address "George II. Sherrlck, 207
".Sherrlck? George II. Sherrlck?"
quoth Mrs. Glllam when Dorothy told
her the secret "why, he's the foreman
up at the Golden Chicken mine. He
lives with his mother up In Butte
street old lady's an Invalid, rheu
matic or something. Tbcy came out
here from Boston about the same time
you started In at the store."
I'.utte Btrect, like most of the envi
rons of Red Cliff, was a narrow, gorge
like thoroughfare with few houses.
Dorothy, perhaps by tbe merest acci
dent, strolled out that way often when
the May Sunday afternoons grew hot
ter, but one sultry evening while she
was a mile or so above tbe Sherrlck
cottage, watching the chipmunks scur
rying among tbe rocks, a sudden storm
broke like a cloudburst above the can
yon and drove her down the road like
a scared rabbit The downpour caught
her before she reached his house, and
as she was passing it, blinded by the
rain and deafened by the thunder, she
felt a strong hand laid gently on her
arm and In her car a well-remembered
"You must como In, miss. If you
please, mother nw you running from
Thus reassured and right glad of
shelter, she permitted Sherrlck to lead
her Into tbe cozy house.
"My mother, Miss " he paused for
"Dorothy Dorothy Peterson," said
the girl, not looking up, and vaguely
mindful that his mother was "Just her
size" she saw In the invalid's chair a
portly white-haired old lady, of at least
pounds. The kindly voice of the
mother, however, drove all speculation
from the girl's head and she took the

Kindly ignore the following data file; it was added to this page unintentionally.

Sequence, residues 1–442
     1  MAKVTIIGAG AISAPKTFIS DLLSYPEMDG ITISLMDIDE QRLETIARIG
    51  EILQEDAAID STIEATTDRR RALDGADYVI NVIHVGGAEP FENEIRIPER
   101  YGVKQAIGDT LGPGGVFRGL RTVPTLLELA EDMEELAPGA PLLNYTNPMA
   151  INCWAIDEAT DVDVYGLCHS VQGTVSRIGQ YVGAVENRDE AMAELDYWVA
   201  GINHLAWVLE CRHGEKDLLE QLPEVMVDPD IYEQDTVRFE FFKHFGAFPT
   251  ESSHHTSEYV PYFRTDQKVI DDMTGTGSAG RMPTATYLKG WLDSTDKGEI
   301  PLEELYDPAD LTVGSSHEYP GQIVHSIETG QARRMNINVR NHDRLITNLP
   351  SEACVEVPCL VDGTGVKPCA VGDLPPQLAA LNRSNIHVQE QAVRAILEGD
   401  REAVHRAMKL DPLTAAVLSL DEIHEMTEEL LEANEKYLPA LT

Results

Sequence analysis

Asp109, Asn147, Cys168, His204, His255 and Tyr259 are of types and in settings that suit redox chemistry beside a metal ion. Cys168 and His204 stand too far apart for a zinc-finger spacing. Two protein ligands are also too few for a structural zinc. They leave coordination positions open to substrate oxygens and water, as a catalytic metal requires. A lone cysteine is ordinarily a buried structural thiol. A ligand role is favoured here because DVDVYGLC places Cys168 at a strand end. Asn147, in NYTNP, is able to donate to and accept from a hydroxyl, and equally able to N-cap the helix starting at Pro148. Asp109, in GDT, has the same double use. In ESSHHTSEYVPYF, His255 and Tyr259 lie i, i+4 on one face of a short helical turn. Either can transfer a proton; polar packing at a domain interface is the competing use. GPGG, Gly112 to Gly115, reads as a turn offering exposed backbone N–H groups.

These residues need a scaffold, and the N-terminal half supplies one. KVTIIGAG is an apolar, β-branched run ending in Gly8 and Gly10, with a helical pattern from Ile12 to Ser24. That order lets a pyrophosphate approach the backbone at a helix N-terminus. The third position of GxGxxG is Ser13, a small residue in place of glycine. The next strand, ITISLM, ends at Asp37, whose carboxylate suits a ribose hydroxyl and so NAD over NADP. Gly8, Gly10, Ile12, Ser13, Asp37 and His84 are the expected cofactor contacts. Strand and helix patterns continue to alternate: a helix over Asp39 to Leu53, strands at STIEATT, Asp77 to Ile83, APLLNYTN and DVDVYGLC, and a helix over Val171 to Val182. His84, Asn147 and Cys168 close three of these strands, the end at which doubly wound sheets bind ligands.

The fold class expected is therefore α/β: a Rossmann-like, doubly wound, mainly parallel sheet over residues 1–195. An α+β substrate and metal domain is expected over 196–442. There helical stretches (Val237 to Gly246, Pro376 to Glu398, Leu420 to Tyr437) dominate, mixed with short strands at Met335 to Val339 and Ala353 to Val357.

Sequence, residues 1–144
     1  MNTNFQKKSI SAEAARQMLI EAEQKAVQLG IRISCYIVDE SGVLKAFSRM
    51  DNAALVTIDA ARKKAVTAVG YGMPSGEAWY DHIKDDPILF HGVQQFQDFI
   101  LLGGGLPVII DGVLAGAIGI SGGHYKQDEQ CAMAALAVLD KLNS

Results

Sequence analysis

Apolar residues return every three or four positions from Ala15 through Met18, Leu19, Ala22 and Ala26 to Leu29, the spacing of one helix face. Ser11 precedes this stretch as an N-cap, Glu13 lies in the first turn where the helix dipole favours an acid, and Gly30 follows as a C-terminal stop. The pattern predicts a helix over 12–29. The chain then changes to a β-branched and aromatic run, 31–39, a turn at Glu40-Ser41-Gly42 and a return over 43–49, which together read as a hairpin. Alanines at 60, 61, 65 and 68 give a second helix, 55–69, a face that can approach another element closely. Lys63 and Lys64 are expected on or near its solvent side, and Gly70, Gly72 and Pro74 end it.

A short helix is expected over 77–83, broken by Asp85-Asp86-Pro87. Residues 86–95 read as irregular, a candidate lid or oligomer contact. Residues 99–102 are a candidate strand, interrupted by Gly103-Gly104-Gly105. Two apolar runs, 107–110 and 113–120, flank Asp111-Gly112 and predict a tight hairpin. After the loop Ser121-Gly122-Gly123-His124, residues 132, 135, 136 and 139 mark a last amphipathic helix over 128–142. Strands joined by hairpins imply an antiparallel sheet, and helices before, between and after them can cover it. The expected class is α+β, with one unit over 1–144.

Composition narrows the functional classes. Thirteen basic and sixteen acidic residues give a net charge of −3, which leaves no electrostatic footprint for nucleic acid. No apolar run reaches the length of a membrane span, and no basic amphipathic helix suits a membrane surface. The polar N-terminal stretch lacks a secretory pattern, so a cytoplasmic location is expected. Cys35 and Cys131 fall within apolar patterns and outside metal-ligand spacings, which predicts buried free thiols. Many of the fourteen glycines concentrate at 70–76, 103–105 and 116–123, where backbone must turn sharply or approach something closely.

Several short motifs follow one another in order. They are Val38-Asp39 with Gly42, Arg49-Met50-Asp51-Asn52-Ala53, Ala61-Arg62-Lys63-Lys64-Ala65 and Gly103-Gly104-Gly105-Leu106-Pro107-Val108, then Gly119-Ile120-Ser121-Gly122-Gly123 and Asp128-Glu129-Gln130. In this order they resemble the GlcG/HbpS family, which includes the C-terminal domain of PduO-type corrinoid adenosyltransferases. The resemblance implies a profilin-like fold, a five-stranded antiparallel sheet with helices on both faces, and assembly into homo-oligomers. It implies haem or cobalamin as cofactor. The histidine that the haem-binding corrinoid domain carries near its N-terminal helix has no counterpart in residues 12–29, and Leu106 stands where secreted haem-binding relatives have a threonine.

little wicker chair by the tea table,
ami began to dream of the old days
back Kast when her own mother was
alive, as tender and almost as ruddy as
this soft-voiced young man's.
But afterward, when the storm had
ceased and he was taking her home,
they had walked nearly a block In hap
py silence before he said:
"You've found me out, haven't you,
"How do you mean?" she said, hang
ing her head till her yellow curls hid
"My mother, you know," he an
swered trying to laugh easily. "I sup
pose, at least I'm afraid, you remem
ber the waists and things I bought?"
"Yes." Her voice was very low.
"Well, I might as well tell you tbe
truth. I didn't buy them for her not
for anyone In particular. I I'm a very
bashful man. Miss Dorothy, and I Just
wanted to get acquainted with you. I
didn't know how to go about It, don't
you see? So I kept going Into your
store, buying things anything you
reco m m c n d ed f or f o r '
"For your mother?" She looked up
shyly aud laughed and but what's tbe
use of going Into details. Dorothy has
lost a customer, but Benton & Brown
were glad to exchange little Miss Pe
terson's services for ber patronage,
and tbe last time she was In the store
Mrs. Glllam told her that her pink
waist fit her "like a tape measure."
Proper Kress lor rooni.
One of tbe largest ready-made cloth